For 35 years — since Anchorage was a city, really — there have been attempts to pass an ordinance banning discrimination against gays and lesbians. Several times, such measures have been on the brink of adoption, only to be repealed or vetoed at the last minute as Alaska’s ardent conservative Christian community cranked into gear.
But antidiscrimination advocates say a new initiative on the April 3 municipal ballot — gaining almost more attention in Alaska these days than the U.S. presidential race — has won unprecedented support from faith leaders, including the Episcopal bishop and some 50 other churches and religious groups.
Twice as many churches have mobilized to defeat the measure.
Now, thousands of dollars in contributions from grass-roots advocates on both sides, as well as from donors outside Alaska, are funding an onslaught of television and radio ads as Alaska becomes the latest front in the national debate over gay rights.
The initiative would build on the city’s existing ordinance prohibiting discrimination in housing, employment and similar spheres on the basis of race, color, sex, religion, national origin, marital status, age or disability. Protections for gays, lesbians and transgender persons would be added to that ordinance.
At least 150 cities, counties and states across the U.S. have passed similar laws, but Anchorage has touched off a political firestorm every time it has tried to do so. The most recent attempt was in 2009, when the Anchorage Assembly adopted an ordinance that was vetoed by Mayor Dan Sullivan.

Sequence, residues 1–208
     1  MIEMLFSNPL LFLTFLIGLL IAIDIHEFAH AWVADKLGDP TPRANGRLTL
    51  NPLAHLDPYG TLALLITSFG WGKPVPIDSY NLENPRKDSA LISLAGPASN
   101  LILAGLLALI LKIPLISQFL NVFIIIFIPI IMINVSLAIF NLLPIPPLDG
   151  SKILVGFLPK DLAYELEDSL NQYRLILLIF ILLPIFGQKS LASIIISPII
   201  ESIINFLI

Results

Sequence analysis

In December, advocates for the measure collected 13,515 signatures in support, more than twice the number needed to get the measure on the ballot. Sullivan’s spokeswoman has said he wants to put the issue to a vote.
“We have been working towards the same legal protections for 35 years. We’ve had ups and we’ve had downs, and today, we feel we’re very much on the upswing,” Trevor Storrs, spokesman for the pro-initiative One Anchorage campaign, said in an interview.
He said the focus of the effort since 2009 has revolved around getting more gays and lesbians to identify themselves publicly as ordinary and trusted friends and neighbors. The effort has also recruited church leaders, labor union officials and the head of the National Assn. for the Advancement of Colored People in Anchorage into the campaign.
The measure was co-sponsored by former Gov. Tony Knowles, a Democrat, and former Republican state Sen. Arliss Sturgulewski. Democratic U.S. Sen. Mark Begich has also endorsed the initiative.
“We have crossed so many of those divides that once existed and really have shown that this is a grass-roots, 100%-supported change that Anchorage residents want,” Storrs said.
The vociferous opposition suggests they may not have quite hit the 100% mark.
Critics have mobilized church congregations and gathered support from religious conservative groups outside Alaska to warn Anchorage residents that the ordinance could strike a blow to business owners and jeopardize religious freedom.
In a television commercial, they warned that a gay bar owner who wanted to hire gay waiters and a Christian bookstore owner who wanted to hire straight booksellers could both run afoul of the ordinance if it is passed.